November 2005

The Foat fan club

1970s Gloucestershire batsman Jim Foat is fondly remembered in surprising circles. Edward Craig investigates

1970s Gloucestershire batsman Jim Foat is fondly remembered in surprising circles. Edward Craig investigates



A collection of cricket nuts have taken Jim Foat to heart for his eccentric appearance and perennial underachieving © The Cricketer International
Discovering you have a fan club you knew nothing about must be unnerving. Discovering that this cult following has led to references to your name in literature, legal journals and scientific research must be terrifying. This is exactly what has happened to the 1970s Gloucestershire icon, Jim Foat.

A collection of cricket nuts have taken Foat to heart for his eccentric appearance and perennial underachieving. Among his fans, he is a regular topic of pub conversation, during which Stephen Groves enjoys doing Foat batting impressions ("I used to imitate his stance in the back garden. I loved the way he'd bash hell out of the crease as the bowler approached"). Simon Eaton - a senior lecturer at the Institute of Child Health - has managed to name serious research after his hero. "My research is to do with fat breakdown in children - it is called the FOAT complex top. It stands for fat oxidation-activation transport. This does not quite make biological sense: it should be FATO, strictly." Eaton also explains that another Foat fan added a hidden reference in a legal journal, with an acrostic spelling: "Foat is great."

Famous for his big hair and even bigger glasses, Jim Foat was, as Cricinfo describes, "a throwback to an earlier time when low batting averages were more commonplace ... an average batsman who compensated by being a superb fielder in the covers." And it is hard to argue with such an assessment: after 91 first-class matches he averaged 18.60 and scored five hundreds. He did have his moments of glory. During the 1973 Gillette Cup final he famously ran out Tony Greig for 0 and also made a valuable contribution with the bat, as Wisden records: "The agile Foat, aged 20, ran like a gazelle while getting seven in a stand of 49." That was as good as it got, sadly. He was a hugely popular figure at the club, a practical joker, a mimic, but after nine seasons he simply had not scored enough runs. He was often picked just as a fielder.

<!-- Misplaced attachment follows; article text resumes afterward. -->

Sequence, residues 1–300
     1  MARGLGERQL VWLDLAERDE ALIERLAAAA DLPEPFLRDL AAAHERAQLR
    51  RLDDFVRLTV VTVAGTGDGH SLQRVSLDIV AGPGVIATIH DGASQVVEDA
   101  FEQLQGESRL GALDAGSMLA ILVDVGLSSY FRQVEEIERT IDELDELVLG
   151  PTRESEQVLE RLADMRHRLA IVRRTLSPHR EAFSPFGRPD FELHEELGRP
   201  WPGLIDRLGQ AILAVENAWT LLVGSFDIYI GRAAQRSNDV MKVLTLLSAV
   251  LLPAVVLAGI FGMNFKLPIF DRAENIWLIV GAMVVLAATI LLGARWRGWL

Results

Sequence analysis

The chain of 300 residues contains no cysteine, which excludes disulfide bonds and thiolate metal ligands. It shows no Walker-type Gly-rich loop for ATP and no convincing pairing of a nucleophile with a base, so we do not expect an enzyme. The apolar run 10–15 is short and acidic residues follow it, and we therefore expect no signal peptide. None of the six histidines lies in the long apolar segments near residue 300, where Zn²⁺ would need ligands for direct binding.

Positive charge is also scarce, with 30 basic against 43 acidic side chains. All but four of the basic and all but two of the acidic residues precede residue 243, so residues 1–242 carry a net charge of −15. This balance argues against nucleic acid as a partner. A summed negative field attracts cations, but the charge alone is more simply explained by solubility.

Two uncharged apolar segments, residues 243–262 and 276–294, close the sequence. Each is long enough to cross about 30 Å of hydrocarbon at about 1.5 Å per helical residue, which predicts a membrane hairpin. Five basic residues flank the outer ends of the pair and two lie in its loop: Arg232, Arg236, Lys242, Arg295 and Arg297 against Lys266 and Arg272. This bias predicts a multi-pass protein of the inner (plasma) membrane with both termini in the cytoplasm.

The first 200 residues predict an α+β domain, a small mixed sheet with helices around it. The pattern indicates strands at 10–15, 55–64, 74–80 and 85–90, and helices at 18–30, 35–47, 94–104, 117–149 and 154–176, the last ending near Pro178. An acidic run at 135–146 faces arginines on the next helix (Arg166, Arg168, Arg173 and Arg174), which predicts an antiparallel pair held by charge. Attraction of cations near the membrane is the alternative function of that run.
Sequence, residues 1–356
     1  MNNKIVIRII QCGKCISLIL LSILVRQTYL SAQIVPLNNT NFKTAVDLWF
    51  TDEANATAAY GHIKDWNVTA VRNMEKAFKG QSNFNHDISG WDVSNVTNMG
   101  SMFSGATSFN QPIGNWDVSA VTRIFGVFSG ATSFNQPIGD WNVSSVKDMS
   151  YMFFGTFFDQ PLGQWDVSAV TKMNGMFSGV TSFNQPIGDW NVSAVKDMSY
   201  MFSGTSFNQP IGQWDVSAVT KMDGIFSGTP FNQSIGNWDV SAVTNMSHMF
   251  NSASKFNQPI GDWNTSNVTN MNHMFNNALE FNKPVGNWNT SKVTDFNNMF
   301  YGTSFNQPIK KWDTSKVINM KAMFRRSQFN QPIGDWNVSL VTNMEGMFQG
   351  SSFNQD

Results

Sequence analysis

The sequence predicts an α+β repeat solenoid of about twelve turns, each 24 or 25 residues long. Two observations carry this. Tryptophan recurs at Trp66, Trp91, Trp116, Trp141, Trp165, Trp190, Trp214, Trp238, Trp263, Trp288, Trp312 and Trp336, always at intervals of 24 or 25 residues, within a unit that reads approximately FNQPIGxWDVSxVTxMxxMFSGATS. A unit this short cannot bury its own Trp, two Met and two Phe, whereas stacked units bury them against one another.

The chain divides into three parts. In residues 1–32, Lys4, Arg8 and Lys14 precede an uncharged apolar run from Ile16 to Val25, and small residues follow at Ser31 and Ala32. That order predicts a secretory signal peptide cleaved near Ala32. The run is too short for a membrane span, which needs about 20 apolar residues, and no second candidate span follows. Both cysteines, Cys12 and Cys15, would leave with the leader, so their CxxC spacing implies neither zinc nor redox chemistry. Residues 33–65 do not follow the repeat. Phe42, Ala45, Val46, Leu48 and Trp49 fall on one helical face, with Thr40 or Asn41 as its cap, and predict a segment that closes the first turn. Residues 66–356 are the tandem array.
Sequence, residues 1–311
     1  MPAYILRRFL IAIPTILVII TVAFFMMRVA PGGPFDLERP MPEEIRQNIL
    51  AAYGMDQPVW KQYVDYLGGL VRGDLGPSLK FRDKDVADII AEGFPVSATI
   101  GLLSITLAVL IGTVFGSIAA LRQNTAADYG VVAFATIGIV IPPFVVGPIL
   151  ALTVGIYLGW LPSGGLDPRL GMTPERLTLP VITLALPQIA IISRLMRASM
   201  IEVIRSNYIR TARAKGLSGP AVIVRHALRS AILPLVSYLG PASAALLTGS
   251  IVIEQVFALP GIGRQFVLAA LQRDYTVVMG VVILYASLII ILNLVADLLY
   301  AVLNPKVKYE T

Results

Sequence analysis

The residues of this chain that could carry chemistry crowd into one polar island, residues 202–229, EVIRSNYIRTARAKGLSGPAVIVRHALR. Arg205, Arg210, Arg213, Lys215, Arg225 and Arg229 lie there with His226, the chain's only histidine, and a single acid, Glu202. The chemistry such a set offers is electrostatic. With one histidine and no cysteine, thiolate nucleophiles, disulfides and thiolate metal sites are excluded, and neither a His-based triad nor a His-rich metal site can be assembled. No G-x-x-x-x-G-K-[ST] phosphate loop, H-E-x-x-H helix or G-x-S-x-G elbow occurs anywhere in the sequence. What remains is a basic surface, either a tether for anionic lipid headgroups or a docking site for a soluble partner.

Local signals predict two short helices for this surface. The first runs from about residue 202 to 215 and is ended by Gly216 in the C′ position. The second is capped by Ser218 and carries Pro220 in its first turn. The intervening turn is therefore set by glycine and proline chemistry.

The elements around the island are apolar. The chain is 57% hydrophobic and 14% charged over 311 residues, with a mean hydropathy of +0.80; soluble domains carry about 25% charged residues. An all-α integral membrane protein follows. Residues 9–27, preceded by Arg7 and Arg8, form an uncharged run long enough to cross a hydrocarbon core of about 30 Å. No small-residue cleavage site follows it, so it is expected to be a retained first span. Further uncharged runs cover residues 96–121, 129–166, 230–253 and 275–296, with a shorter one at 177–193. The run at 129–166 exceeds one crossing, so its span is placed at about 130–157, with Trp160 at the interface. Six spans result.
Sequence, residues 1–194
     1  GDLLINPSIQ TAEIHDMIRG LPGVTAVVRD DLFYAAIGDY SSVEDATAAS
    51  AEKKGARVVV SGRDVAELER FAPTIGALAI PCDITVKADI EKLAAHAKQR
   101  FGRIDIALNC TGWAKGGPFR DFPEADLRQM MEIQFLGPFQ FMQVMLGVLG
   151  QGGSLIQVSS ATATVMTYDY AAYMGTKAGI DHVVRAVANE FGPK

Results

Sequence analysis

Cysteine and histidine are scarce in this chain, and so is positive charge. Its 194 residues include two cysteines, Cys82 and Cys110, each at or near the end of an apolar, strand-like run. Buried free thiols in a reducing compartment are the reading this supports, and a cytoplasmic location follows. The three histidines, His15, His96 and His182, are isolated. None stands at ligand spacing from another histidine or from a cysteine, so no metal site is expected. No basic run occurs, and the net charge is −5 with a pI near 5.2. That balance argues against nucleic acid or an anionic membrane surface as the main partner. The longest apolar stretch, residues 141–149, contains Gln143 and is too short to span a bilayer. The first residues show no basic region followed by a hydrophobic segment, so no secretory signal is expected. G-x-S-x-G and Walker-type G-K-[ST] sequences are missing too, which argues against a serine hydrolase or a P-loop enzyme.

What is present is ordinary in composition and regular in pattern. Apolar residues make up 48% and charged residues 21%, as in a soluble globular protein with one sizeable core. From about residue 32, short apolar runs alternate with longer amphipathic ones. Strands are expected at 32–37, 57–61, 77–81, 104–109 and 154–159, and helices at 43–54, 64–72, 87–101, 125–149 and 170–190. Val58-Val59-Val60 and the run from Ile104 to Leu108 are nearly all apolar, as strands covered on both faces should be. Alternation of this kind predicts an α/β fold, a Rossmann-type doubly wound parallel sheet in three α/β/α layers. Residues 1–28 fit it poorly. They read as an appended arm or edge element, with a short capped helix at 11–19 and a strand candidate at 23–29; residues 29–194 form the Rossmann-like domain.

Groves insists it was Foat's distinct style that attracted him. There was also the entry in the Cricketers' Who's Who: "His interests are unbelievably prosaic - driving and television." In fact, Foat also listed "football programme collecting" and "eating".

The obsession of Eaton and Groves is shared by the author Mark Bussell. In his book Linseed and Fishpaste: Confessions of a Cricket Nut, Bussell declares: "The people who can answer correctly the question: who is Jim Foat? This book is first and foremost for them." He later admits to showing his young daughters a picture of Foat from an old Wisden and getting in trouble from his wife for describing him as a "crap Gloucestershire batsman of the early seventies."

Nowadays, Foat lives in Exeter and is a sales representative for a horticultural company. Did he have any idea about the cult following and the oblique references in obscure publications? "No. It is very nice. I told a mate about this fan club and he sent me a text asking to be one of my groupies! I was a bits-and-pieces player. What bailed me out was my fielding, so I always got picked as 12th man, or I'd play in the one-dayers. I felt I could bat but I never quite made it."

He hasn't played much since finishing as a professional but it is not something he misses: "I have no regrets, I had a great nine years and I enjoyed my cricket. Come the end I was not enjoying it. Once I retired, I played for a village in Devon for half a season but they took it more seriously than when I played professionally."

Edward Craig is deputy editor of The Wisden Cricketer